Contracts 101: The Big Words Giveth, and the Small Words Taketh Away

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Many years ago I was a buyer for a large pharmaceutical company. My boss had worked at the company for many years, and was a man of great experience. As he taught me to negotiate contracts, he constantly reminded me of this one eternal truth–read the fine print. As he put it, “the big words giveth, and the small words taketh away.” Well, that advice is as true today as it was 20 years ago.

A few days ago I received in the mail an offer for what appeared to be a really low interest rate on a mortgage. And the offer was from Countrywide Home Loans, who seemed to me to be a reputable mortgage company. The letter was promoting a “Payoption ARM.” Here is what the big print giveth:

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At first glance, this doesn’t look so bad. A $750,000 loan for just $2,025 per month. But the first suggestion something could be wrong is in the fine print below which says, “minimum payment may result in deferred interest.” In other words, the minimum payment of $2,025 would not be enough to cover the monthly interest, so your loan balance would be going UP each month, not down. Turning to the really small print, things get even worse. Here it is:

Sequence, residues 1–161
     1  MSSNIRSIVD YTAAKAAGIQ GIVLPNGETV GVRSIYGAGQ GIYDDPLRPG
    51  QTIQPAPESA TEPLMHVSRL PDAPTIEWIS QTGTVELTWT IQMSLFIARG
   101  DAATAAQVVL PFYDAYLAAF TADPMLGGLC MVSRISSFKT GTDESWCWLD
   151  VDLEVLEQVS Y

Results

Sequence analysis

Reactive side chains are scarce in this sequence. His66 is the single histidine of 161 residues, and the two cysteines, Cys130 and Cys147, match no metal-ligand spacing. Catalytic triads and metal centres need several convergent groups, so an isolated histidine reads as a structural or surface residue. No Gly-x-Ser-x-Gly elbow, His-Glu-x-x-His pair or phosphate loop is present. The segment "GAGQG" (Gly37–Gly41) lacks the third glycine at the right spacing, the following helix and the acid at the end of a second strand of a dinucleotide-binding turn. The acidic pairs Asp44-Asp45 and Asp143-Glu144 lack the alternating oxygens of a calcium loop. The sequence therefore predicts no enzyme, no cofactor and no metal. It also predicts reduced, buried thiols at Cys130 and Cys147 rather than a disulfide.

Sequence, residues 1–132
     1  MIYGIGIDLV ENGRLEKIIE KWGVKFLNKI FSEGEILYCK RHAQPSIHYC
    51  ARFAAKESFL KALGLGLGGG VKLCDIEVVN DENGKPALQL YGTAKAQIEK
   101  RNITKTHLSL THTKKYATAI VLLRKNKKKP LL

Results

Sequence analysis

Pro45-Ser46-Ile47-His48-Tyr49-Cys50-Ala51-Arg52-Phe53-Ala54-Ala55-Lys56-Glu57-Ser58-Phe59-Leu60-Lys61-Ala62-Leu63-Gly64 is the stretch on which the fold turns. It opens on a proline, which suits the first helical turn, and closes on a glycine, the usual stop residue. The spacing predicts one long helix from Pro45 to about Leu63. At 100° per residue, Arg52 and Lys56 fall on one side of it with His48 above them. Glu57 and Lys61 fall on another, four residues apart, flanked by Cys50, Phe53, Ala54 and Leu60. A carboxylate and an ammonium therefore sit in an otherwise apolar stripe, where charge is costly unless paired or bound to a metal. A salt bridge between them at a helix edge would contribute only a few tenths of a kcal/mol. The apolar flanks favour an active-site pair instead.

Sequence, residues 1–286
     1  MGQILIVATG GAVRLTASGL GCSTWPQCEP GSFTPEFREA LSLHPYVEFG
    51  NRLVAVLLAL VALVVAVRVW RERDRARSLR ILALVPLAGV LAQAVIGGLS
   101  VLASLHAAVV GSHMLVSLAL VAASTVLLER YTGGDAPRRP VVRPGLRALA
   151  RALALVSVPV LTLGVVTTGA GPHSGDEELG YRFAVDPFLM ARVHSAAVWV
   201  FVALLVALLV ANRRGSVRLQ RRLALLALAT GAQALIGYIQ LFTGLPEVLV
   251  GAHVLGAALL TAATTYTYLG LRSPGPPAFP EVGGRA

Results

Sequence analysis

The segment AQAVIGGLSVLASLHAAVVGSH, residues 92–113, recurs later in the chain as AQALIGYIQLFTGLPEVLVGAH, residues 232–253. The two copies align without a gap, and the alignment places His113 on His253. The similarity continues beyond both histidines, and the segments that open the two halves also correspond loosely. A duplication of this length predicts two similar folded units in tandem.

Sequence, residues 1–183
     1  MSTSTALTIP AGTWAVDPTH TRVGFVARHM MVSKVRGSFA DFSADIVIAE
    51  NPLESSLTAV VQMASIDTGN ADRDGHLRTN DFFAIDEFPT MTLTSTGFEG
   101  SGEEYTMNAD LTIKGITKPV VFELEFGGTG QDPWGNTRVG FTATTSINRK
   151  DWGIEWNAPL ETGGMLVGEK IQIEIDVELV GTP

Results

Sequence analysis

small-print.gif

The fine print is so small, you probably can’t even read it. Well, here is what it says:

  • The initial interest rate is 1.25%
  • The Annual Percentage Rate (APR) is 7.69%, which tells you that 1.25% teaser rate won’t last long
  • Closing costs are estimated to be $8,000
  • After the introductory period, the interest rate adjusts monthly!
  • The interest rate on the loan can go as high as 11.95%
  • Montly payment could go as high as $4,145

It still amazes me that a mortgage company would advertise this kind of loan package. You’ll see them use words such as flexible and four payment options. But the result is the same–a dangerous home loan for consumers. Buyer beware–read the fine print! Or as the sergeant in one of my favorite 1980s drama series would say, “Let’s be careful out there.”

Published or Updated: May 23, 2011
About Rob Berger

Rob founded the Dough Roller in 2007. A litigation attorney in the securities industry, he lives in Northern Virginia with his wife, their two teenagers, and the family mascot, a shih tzu named Sophie.

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